Drug-resistance beating adhesins
doi:10.1038/nindia.2011.27 Published online 28 February 2011
Scientists hunting for new virulence proteins in the bacteria Salmonella typhi have identified several promising adhesins — components that enable the bacteria to adhere to and colonize a host. These adhesins could help overcome the problem of drug resistance in typhoid.
Typhoid fever has demonstrated a resistance to treatment in many cases. Available vaccines have also shown limited effectiveness.
Looking for novel virulence proteins through computational approaches, the researchers found that T2544, an outer membrane protein of S. typhi that plays a major role in binding the bacteria to the host, had strong immune-boosting components.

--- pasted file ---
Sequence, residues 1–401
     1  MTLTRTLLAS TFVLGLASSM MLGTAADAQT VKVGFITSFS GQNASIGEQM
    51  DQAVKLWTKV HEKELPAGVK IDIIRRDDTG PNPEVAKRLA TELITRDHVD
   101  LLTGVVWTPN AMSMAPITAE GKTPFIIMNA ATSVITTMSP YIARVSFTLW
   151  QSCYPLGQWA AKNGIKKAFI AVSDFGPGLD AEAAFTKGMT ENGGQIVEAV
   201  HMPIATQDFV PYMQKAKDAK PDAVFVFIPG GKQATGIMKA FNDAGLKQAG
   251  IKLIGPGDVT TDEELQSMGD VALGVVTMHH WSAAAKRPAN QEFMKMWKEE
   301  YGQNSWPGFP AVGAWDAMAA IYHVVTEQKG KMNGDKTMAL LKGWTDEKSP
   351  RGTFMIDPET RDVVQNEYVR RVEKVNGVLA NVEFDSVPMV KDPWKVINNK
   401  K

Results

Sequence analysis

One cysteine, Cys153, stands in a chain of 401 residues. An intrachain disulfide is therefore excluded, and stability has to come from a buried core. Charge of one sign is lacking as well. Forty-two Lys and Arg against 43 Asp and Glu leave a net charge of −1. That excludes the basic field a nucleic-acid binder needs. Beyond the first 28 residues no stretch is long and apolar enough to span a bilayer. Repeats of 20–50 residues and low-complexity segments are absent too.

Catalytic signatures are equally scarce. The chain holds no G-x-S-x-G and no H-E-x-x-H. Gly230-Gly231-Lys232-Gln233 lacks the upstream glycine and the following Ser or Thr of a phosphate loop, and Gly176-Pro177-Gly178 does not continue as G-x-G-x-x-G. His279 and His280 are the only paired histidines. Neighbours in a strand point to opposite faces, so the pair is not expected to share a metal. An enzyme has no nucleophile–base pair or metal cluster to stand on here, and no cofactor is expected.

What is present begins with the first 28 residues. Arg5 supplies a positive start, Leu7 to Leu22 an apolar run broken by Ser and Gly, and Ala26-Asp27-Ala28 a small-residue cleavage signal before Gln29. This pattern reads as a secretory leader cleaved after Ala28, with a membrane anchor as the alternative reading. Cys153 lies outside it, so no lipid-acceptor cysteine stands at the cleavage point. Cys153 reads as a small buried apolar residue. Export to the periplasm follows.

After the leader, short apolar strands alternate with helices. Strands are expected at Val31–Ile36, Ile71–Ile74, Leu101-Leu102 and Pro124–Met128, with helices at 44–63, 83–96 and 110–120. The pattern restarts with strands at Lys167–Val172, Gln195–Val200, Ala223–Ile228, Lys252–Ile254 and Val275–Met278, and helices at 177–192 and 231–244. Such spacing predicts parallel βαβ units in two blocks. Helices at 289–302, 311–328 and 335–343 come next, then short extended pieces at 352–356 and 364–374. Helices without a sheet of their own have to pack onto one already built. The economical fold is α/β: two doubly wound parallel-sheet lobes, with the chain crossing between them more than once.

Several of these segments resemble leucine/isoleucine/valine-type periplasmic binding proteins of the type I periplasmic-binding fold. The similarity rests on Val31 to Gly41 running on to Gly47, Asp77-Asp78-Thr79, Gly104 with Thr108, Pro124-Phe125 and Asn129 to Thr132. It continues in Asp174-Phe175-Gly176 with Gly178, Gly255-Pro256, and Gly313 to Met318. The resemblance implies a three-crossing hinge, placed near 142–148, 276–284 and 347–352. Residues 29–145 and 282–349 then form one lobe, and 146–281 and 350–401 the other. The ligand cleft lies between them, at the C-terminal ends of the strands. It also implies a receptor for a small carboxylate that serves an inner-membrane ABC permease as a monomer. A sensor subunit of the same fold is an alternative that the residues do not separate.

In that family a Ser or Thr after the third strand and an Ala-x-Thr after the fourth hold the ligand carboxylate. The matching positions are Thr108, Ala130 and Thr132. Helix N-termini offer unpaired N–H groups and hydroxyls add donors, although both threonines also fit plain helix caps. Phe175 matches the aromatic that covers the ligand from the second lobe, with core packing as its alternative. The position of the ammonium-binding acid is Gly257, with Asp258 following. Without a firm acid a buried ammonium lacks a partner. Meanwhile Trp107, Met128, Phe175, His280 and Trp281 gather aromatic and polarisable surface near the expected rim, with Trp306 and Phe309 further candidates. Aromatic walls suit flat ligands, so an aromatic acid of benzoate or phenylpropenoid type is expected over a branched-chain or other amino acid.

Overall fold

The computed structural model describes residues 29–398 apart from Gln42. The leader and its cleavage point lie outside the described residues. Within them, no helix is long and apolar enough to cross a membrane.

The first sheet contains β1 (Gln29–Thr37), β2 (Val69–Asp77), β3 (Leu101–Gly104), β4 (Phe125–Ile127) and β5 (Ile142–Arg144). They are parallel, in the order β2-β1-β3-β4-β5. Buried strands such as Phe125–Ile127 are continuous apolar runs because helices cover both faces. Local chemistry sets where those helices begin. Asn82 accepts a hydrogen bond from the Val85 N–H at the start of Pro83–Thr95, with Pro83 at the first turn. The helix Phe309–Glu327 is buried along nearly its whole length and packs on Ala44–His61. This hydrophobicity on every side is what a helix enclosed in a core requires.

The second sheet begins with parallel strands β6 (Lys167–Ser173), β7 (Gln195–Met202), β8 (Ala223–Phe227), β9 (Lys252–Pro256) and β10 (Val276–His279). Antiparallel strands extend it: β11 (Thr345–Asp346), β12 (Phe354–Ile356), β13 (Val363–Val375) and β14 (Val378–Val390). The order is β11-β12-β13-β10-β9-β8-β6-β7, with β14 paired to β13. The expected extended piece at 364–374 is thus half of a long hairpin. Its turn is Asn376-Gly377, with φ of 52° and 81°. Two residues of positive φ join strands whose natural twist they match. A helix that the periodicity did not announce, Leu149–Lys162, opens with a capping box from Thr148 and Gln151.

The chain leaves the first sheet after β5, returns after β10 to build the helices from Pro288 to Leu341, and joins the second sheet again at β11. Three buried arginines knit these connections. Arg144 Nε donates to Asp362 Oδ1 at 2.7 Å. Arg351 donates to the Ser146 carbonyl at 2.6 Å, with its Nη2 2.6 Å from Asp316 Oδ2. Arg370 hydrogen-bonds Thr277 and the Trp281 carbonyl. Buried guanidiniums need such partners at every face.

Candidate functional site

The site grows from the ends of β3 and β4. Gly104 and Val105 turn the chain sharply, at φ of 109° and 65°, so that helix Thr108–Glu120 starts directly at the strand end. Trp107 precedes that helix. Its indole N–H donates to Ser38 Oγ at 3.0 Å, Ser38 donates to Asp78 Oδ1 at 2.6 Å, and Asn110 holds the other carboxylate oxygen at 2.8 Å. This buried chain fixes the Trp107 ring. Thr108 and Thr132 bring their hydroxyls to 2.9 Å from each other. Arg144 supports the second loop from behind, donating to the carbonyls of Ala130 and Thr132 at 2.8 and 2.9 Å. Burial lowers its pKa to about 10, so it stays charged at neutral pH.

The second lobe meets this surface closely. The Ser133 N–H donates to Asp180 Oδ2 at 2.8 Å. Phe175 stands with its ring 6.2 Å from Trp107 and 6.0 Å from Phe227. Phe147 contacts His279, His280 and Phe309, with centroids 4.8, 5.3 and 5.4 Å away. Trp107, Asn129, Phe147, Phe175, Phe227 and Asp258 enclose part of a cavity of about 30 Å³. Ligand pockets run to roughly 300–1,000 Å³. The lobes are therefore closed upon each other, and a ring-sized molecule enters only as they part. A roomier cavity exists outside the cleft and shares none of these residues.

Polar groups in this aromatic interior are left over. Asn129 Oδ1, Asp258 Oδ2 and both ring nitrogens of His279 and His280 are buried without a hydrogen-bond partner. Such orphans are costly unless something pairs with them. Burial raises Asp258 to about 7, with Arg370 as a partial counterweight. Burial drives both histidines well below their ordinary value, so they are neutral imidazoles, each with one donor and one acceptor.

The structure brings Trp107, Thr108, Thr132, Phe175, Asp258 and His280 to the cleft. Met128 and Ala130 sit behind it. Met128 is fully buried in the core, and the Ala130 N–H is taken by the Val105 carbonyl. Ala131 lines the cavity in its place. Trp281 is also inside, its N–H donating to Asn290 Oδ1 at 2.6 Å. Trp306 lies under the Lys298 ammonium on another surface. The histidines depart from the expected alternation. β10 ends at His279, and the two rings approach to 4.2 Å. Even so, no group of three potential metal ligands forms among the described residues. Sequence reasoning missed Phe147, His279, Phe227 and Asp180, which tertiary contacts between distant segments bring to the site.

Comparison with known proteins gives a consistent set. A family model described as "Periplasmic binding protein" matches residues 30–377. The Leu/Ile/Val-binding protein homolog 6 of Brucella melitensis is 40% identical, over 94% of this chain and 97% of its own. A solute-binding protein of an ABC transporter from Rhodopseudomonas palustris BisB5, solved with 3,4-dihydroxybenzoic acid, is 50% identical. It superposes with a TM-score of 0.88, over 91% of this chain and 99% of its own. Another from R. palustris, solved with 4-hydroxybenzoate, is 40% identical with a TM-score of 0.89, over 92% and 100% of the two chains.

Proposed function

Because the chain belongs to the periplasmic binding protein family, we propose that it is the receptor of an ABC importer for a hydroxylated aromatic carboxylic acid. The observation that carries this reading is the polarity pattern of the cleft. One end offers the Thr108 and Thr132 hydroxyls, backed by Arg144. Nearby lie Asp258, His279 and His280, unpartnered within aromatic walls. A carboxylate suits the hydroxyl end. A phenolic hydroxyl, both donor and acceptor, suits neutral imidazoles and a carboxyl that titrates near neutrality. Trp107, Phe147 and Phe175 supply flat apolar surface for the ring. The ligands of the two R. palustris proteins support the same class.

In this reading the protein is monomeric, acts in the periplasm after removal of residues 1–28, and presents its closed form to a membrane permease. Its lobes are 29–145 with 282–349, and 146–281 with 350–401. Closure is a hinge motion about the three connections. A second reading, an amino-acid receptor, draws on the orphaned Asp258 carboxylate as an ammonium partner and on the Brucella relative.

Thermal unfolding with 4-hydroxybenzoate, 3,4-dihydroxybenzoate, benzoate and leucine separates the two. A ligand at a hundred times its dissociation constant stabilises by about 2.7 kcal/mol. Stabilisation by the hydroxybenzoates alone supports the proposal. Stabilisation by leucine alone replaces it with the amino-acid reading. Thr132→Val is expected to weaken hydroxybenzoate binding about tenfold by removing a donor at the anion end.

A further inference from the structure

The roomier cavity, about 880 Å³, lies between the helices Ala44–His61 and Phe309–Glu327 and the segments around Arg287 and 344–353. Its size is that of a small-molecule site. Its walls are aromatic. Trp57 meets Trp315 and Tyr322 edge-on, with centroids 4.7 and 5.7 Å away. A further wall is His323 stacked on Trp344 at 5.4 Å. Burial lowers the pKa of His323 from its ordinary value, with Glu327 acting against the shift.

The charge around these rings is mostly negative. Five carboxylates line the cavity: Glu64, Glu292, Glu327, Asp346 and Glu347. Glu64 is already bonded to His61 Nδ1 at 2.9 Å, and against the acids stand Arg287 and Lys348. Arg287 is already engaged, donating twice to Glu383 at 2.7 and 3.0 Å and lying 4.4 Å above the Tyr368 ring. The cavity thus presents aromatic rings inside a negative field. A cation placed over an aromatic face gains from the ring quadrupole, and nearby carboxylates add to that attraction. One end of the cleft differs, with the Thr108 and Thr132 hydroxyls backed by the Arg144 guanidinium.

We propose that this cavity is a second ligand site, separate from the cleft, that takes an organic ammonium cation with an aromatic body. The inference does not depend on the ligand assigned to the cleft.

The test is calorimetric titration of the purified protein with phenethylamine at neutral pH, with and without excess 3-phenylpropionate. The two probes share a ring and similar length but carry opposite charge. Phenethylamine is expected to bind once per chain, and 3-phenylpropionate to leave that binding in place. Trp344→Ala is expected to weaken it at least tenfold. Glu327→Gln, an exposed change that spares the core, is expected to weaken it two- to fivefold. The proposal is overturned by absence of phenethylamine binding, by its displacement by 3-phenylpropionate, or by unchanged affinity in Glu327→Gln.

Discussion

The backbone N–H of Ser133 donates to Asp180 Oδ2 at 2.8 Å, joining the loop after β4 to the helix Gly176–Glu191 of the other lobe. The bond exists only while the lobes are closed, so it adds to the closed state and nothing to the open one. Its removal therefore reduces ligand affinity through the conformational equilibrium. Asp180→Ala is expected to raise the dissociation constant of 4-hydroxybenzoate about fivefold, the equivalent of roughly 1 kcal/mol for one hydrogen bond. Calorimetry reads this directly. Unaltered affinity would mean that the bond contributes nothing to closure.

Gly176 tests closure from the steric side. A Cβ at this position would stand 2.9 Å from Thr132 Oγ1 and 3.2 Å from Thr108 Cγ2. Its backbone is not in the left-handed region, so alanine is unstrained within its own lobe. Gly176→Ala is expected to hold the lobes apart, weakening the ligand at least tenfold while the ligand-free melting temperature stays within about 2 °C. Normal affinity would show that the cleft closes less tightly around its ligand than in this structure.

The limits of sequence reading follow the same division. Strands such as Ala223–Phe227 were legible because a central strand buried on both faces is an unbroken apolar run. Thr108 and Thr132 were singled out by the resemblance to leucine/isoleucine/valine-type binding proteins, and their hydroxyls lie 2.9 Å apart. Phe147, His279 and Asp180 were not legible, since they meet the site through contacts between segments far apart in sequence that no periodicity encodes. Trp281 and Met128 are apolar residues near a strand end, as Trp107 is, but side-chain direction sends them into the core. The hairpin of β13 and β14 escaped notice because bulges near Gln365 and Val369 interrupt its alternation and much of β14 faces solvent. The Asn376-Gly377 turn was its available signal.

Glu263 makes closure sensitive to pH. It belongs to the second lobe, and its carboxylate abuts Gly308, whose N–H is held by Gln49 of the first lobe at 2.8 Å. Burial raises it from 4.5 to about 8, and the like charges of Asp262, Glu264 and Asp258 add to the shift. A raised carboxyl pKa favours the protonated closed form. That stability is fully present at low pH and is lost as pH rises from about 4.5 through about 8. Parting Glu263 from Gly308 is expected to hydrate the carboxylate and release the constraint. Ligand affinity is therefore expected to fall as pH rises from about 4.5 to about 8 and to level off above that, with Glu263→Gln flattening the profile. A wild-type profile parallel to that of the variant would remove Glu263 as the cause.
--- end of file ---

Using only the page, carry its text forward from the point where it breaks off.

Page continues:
In animal experiments, the T2544 antiserum was found to contribute antibodies that killed the bacteria. The researchers suggest that T2544 could be a potential vaccine candidate to protect against typhoid fever.
- Ghosh, S. et al. An adhesion protein of Salmonella enterica serovar Typhi is required for pathogenesis and potential target for vaccine development. Proc. Natl Acad. Sci. USA. doi: 10.1073/pnas.1016180108 (2011)